We should pay attention to the effects of cultural policy on art practice. We could also ask about how much different cultural policy shifts in different countries mirror each other: within the context of neoliberalism, the Cool Britannia campaign and its relationship to YBA (YOUNG BRITISH ART) which was marked by an imperative to produce national or regional celebrities, or, within the context of neoconservatism, the pressure of being closed and the money cut down by the Austrian government in the case of Public Netbase, Vienna or the closing down of NIFCA in the Nordic region. I will discuss the Canadian situation because it is the one with which I am the most familiar, but similarities can be establish in relation to cultural policy in the USA and European Eunion context. Around 2001, the Canada Council for the Arts began to fund dealers; around the same time, Foreign Affairs/International Trade began a pilot project for gallerists. In the 2005 the visual arts section the Canada Council for the Arts radically changed how they funded individuals, benefiting senior artists (who could now access much larger amounts than previously) but placing strict limits on both the amount of funding and the frequency of application for artists who were not yet established. In an interview on the national radio, program head Francois Lachapelle stated, “"We are now saying you don't have entirely free access to our program”... and “you will come when you will have confirmed public presentation of your work."12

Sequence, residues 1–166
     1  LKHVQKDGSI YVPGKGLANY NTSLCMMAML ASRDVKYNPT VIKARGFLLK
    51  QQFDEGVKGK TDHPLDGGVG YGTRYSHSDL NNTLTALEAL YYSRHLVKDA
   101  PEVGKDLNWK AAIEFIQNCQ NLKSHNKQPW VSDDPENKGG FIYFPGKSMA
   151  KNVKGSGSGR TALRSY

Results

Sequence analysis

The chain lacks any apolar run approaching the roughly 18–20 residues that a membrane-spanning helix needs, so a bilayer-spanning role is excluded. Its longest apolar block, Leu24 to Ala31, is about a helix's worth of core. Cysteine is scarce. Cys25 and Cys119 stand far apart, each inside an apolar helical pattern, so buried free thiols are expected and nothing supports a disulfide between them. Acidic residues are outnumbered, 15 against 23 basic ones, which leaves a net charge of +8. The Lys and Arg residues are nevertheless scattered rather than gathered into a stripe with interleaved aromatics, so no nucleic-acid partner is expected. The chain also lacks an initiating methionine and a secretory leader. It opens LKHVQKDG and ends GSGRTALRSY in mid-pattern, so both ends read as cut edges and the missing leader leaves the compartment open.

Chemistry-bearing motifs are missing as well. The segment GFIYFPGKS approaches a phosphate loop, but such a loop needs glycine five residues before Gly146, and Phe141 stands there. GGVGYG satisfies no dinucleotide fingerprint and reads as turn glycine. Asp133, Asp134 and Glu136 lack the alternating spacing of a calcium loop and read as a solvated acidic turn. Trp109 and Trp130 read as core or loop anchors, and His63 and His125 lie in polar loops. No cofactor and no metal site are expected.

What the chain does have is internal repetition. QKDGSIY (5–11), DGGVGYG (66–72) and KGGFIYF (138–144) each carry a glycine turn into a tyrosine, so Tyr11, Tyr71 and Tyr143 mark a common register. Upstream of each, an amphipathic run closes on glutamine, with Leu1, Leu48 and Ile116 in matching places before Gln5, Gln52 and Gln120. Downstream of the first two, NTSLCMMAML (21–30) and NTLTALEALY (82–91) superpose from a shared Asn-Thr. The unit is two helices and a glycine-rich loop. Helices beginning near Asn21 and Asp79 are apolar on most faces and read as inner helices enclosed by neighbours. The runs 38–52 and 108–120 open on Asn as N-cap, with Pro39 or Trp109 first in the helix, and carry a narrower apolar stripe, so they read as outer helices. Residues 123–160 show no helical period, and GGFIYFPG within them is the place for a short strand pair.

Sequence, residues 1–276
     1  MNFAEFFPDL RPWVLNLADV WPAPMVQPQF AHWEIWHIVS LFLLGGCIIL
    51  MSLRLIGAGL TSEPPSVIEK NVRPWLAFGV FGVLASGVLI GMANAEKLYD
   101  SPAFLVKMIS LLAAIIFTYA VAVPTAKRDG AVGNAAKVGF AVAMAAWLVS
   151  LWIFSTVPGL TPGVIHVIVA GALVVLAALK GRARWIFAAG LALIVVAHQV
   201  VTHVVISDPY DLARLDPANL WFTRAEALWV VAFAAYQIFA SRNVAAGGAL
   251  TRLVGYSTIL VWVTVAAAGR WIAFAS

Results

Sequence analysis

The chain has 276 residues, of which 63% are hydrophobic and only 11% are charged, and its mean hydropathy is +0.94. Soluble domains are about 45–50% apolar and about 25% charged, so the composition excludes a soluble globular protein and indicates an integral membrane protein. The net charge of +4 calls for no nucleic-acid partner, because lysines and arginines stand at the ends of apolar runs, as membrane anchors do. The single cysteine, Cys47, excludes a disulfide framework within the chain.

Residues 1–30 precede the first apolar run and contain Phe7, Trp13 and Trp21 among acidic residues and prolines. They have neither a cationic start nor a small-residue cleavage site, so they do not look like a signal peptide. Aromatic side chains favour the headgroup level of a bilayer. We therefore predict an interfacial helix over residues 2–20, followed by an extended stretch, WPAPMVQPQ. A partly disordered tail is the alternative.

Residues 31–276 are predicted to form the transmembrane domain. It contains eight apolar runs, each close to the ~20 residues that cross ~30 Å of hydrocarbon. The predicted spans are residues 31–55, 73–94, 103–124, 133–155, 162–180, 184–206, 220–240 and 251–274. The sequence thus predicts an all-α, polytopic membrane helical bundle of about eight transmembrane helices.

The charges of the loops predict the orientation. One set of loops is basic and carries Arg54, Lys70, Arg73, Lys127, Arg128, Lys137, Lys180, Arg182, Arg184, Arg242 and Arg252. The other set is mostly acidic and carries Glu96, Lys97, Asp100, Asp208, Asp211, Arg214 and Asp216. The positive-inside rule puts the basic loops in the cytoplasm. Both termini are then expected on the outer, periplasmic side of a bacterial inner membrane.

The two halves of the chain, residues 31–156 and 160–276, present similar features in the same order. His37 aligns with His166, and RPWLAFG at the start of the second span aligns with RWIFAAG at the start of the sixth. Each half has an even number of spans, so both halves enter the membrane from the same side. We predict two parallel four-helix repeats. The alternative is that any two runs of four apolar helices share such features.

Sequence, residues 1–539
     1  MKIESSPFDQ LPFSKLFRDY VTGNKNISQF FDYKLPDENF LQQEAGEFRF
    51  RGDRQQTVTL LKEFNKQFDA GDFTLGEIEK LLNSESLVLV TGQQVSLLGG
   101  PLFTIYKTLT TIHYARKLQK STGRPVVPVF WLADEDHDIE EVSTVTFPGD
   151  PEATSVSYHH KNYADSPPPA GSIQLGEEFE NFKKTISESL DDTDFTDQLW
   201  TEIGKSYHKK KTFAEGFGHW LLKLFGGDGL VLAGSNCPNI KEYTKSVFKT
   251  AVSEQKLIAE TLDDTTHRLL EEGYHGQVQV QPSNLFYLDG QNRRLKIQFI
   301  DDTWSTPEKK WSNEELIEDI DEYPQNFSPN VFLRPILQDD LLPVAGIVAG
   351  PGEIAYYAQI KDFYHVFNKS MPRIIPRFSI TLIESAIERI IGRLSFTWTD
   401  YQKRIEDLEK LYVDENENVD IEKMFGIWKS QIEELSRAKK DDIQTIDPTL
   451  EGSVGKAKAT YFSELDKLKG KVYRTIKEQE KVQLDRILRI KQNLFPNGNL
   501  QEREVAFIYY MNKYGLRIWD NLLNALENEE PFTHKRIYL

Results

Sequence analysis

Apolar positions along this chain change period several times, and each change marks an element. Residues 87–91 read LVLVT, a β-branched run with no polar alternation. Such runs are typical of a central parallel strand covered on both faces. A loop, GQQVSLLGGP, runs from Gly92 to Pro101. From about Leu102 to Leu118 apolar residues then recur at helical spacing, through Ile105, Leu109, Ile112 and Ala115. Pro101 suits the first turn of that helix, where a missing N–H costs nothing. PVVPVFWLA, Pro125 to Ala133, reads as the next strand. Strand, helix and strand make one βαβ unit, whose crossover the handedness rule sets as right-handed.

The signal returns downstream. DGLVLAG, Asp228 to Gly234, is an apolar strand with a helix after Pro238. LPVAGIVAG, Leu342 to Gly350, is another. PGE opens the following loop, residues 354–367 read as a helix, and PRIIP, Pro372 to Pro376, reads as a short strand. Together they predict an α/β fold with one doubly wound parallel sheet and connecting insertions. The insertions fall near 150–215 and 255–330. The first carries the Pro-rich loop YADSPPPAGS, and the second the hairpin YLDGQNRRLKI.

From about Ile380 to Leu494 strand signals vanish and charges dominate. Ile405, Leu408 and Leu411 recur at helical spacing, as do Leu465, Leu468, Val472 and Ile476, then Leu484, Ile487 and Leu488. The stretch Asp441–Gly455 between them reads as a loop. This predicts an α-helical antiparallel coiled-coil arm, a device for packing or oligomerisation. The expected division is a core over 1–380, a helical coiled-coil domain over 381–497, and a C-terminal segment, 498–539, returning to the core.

At around the same time, the interdisciplinary section, which once funded performance art and interdisciplinary research, began to primarily support theatre companies—which look much better on paper as they hire staff and have a clear and established hierarchies and procedures. What is key here is a shift away from the principle of redistribution: supporting emerging artists and noncommercial practices without expectation of visible results, towards the principle of supporting regional and national celebrities (those already validated by the market and major institutions), who can then boost the national profile in the international context, within a Schumpeterian economic framework of competing nations (and in general, an area to which we should pay more attention is emphasis in cultural policy on creating both national celebrities and national narratives). A similar, although less dramatic shift happened with funding to organizations, which I experienced as a board member. Arts organizations who received public funding were rewarded for 'organizational stability' over other criteria; those who presented lectures, performances, reading group or other events were criticized, and sometimes financially penalized, for lacking focus. The response would be to focus entirely on five week exhibitions, to the detriment of other activities. So my concern, out of these shifts is about the ability to survive—either in terms of receiving funding or of spaces to present it—and that many of us are presented with the choice of either operating within the market or squeeze in a few hours here and there between full time jobs.